A great diversity of complex physical processes contribute to the transport of natural sediments by environmental water flows. Typically, the particles can be carried out in suspension (suspended-load), i.e without contact with the bottom, or near the bed (bedload), i.e in permanent or intermittent contact with the flow bed by rolling, bouncing, jumping or saltating. In the suspension, the sediment concentration is low and the particle motion is driven by water turbulence. Near the bed, the concentration of the mobile sediments increases significantly and reaches maximal values between 50 % and 60 % in volume. In this near bed region, particle-particle interactions (collisions, friction) are the dominant mechanism for momentum transfer, as fluid turbulence is damped due to the presence of particles.
Modelling sediment transport is still a challenge and most sediment transport models are based on the “passive scalar” hypothesis for the suspension while the bed load is modelled as an empirical sediment flux. Such a splitting of the domain into two subdomains that can exchange sediment is somehow arbitrary and does not represent the existence of a continuum over the water column.
This ambiguity is a strong motivation for the development of two-phase flow models in which the motion of both the particles and water are solved, and this project proposes a complementary experimental, modelling and simulation approach to solve this problem, relying on recent experimental and numerical results.
The idea is to perform two-phase turbulent resolving simulations (LES) of intense bed-load sediment transport (sheet flow) for which high-resolution experimental data have recently been obtained at the LEGI. After a careful validation, the Double Averaging Methodology is applied to the LES simulations to provide more insight into the complex couplings between the boundary layer turbulent macro-structures and the particles dynamics.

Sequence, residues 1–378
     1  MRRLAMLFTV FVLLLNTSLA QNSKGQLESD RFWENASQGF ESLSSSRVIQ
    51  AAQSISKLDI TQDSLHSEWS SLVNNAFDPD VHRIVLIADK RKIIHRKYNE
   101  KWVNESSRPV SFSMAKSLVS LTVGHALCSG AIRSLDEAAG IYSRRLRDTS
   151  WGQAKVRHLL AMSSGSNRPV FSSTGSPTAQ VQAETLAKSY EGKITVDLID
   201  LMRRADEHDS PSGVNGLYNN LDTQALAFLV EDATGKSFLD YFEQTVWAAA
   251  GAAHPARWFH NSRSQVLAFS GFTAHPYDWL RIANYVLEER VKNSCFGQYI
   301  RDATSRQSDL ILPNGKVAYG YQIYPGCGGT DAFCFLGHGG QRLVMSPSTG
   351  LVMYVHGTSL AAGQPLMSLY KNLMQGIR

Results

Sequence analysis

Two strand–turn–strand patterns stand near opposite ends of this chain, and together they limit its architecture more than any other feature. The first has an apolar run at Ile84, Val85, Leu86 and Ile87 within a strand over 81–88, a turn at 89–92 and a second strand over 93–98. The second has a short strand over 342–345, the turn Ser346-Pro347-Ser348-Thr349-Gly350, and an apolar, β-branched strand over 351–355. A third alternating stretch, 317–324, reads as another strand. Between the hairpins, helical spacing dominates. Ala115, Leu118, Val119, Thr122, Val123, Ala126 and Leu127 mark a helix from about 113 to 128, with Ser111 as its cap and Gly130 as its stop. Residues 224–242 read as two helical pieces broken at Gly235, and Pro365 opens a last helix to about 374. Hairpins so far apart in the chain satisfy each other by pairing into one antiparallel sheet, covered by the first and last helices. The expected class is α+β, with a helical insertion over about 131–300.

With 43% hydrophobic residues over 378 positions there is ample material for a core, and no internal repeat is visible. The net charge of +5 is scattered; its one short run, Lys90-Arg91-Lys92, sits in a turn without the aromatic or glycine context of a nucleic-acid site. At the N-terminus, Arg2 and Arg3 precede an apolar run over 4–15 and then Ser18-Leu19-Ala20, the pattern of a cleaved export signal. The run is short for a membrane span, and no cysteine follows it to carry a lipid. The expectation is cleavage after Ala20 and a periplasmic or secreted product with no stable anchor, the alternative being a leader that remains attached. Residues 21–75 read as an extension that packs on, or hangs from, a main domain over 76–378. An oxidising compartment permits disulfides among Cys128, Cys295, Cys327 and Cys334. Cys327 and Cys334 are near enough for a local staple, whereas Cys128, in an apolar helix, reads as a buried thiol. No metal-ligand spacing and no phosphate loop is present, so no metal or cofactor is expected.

Plot of isosurface of concentration (0.1% and 30% in volume) at flow peak and flow reversal for
medium and fine sand under sinusoidal wave forcing using the LES two-phase model sedFoam. The figure shows that at flow reversal medium sand has completely setled to the bed while fine sand is maintained in suspension due to its lower settling velocity (inertia) compared with the turbulent intensity at this phase of
The two experimental observations that we want to address are:
The numerical simulations should provide the missing spatial resolution (stream-wise and span-wise directions) of the experimental data to further identify the mechanisms responsible for these two significant turbulence modifications.
In a second step, the role of particle inertia on these mechanisms will be addressed by using different sediment types (size and density) for which new experimental data will be acquired during the Hydralab project, H2020.
The von Karman reduction has been observed for decades, but no satisfactory explanations have been given so far. Providing some insights on this observation would be a scientific breakthrough for both the sediment transport and the multi-phase flow communities.
This project involves a collaboration between the LEGI and the University of Delaware (US).